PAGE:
Cadmium- and Lead-Tolerant PGPRs as Proficient Toxicity Alleviators for Agricultural Crops

Cadmium- and Lead-Tolerant PGPRs as Proficient Toxicity Alleviators for Agricultural Crops

Amit Kumar Pal (Department of Botany, University of Kalyani, India), Anjan Hazra (Agricultural and Ecological Research Unit, Indian Statistical Institute, Kolkata, India) and Chandan Sengupta (Department of Botany, University of Kalyani, India)
Copyright: © 2021 |Pages: 16
DOI: 10.4018/978-1-7998-4888-2.ch010
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Abstract

Agricultural lands are being polluted with different contaminants due to various anthropogenic activities like toxic discharge from Ni-Cd battery industry, tannery industry, alloying of metals like steel, application of agrochemicals, etc. Cadmium and lead contamination in agricultural land are directed towards global food insecurity. Bioremediation, stress alleviation, and phytostimulation by Cd and Pb tolerant PGPR is a promising eco-friendly method to develop sustainable agricultural system. At present, cadmium and lead-tolerant plant growth promoting rhizobacteria (PGPR) can be a sustainable option for heavy metal-contaminated agricultural lands. PGPRs such as Bacillus, Bradyrhizobium, Enterobacter, Klebsiella, Micrococcus, Pseudomonas, Ralstonia, etc. can survive the metal stress and stimulate the plant growth under Cd and Pb contaminated condition by direct or indirect plant growth promoting ability. So, these PGPRs could be exploited as biofertilizers and bioremediators under Cd or Pb stressed conditions for futuristic agricultural development.
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Introduction

Various metals such as lead, zinc, cadmium, nickel, copper and mercury are continuously being added to our soil ecosystem through different agrochemical usage, industrial waste disposal, application of urban sewage sludge, vehicle exhausts, and waste incineration and from many anthropogenic sources (Noumavo et al. 2016). These contaminations in our agricultural soils cause threat to food safety. Plants uptake different metals into their body and retains for a long days. As a result these metals can transferred to the higher tropic level like human and other animals.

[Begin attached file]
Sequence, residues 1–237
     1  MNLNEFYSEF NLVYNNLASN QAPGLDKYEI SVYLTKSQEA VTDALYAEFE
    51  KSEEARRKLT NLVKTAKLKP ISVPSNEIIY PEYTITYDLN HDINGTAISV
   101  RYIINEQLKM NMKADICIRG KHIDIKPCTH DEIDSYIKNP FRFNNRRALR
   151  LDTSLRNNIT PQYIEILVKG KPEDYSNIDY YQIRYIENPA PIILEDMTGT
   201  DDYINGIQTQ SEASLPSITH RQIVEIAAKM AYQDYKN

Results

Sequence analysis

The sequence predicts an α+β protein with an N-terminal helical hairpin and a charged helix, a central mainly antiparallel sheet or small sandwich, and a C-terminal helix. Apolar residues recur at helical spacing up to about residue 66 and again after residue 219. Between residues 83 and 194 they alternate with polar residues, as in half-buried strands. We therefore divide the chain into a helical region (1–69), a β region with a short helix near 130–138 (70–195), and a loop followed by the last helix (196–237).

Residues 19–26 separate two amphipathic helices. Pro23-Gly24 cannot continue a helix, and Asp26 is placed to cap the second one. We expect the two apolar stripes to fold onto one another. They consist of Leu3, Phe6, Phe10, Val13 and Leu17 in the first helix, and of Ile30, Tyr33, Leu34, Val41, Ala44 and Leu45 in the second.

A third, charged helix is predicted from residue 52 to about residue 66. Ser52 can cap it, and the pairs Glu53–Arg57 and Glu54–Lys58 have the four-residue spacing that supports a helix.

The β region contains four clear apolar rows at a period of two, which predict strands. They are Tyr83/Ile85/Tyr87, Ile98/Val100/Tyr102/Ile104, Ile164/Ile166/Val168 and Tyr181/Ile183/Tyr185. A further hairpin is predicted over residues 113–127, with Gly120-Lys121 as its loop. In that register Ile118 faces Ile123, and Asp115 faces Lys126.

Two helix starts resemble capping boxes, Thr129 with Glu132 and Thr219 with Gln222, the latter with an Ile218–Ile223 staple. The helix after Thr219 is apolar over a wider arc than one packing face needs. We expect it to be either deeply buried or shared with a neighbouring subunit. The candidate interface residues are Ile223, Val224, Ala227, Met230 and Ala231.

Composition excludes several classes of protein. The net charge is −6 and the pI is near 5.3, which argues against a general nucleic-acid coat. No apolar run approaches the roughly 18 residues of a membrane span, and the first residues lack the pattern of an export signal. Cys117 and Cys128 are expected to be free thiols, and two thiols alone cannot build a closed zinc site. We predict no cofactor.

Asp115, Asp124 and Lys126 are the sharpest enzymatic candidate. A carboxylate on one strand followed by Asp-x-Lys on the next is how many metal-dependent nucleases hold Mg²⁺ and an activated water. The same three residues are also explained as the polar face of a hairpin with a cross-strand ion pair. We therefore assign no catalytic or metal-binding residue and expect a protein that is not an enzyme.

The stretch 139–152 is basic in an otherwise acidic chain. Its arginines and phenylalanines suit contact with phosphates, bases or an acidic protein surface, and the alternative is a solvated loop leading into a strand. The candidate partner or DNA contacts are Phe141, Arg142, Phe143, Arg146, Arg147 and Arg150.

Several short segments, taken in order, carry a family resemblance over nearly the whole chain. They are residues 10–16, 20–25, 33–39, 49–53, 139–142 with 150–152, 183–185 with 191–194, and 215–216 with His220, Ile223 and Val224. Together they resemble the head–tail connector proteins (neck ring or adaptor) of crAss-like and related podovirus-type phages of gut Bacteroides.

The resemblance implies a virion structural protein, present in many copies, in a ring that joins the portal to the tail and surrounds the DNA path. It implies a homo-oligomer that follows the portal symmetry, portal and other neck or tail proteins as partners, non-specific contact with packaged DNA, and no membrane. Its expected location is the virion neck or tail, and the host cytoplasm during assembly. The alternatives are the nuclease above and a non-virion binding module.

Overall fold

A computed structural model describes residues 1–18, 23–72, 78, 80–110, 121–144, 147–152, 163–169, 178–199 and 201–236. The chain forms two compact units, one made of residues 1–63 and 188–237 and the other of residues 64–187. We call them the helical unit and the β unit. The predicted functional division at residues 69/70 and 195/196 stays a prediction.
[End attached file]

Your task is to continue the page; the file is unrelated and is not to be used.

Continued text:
Cadmium inhibits plant growth, hampers plant water relationship and ion metabolism, inhibits chlorophyll biosynthesis, inhibits many enzymes like Fructose bis-phosphatase, Fructose 6 phosphate kinase, Phosphoenolpyruvate carboxylase, NADP+ glyceraldehyde-3-phosphate dehydrogenase Ribulose-1,5-bisphosphate carboxylase oxygenase, and Carbonic anhydrase (Krantev, Yordanova, and Popova 2006; Popova et al. 2009). Cd act as a potent nephrotoxin and class-I carcinogen in animals. Lead (Pb) persists in the environment for a long time and causes anemia, reproductive impairment, renal failure, neurodegenerative damage etc. (Eslami et al. 2011). Pb badly affects plants in the seed germination, biomass production, root-shoot growth, chlorophyll content and ion distribution (Trvedi and Erdei 1992; He 1990).

These heavy metals affect a considerable harmful effect on environment, soil ecosystems and human health due to their mobility and solubility (Kabata-Pendias 1992). Frequently, the soil may be contaminated as much as a harmful waste (Berti and Jacob, 1996). In developing countries, heavy metals contamination in soil is a much talkative concern (Yanez et al., 2002; Pramanik et al. 2016; Pal and Sengupta, 2019). It is now important to remediate the contaminated soil to develop suitable agricultural land.

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